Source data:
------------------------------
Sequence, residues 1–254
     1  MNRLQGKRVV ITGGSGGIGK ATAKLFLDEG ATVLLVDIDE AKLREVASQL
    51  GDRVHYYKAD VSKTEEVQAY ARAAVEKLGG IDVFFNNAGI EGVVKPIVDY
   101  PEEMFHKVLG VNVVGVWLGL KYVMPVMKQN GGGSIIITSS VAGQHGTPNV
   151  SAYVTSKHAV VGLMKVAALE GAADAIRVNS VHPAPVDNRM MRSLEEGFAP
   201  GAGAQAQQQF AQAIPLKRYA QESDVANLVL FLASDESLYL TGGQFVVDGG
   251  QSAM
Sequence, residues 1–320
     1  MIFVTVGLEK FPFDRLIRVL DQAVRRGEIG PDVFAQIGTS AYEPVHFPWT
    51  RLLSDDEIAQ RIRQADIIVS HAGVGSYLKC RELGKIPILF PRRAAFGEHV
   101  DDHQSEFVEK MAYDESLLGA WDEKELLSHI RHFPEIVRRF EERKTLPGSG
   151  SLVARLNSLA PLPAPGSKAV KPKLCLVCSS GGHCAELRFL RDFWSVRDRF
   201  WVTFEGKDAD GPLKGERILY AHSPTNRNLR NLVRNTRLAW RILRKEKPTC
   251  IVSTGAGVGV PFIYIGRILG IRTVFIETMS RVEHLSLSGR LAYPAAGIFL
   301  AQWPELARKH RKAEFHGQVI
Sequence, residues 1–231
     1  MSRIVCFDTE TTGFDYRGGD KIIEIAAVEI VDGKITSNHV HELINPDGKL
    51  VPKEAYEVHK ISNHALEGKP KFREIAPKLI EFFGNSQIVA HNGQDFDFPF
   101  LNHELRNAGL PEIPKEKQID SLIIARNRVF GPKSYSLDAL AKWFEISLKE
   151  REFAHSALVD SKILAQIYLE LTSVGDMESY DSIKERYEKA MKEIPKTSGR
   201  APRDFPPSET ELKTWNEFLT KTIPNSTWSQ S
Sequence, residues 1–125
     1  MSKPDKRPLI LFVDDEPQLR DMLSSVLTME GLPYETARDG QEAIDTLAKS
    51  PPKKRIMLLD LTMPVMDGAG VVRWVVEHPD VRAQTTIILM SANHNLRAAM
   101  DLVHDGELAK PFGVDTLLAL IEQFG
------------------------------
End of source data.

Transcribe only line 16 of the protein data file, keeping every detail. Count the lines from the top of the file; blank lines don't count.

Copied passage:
Sequence, residues 1–231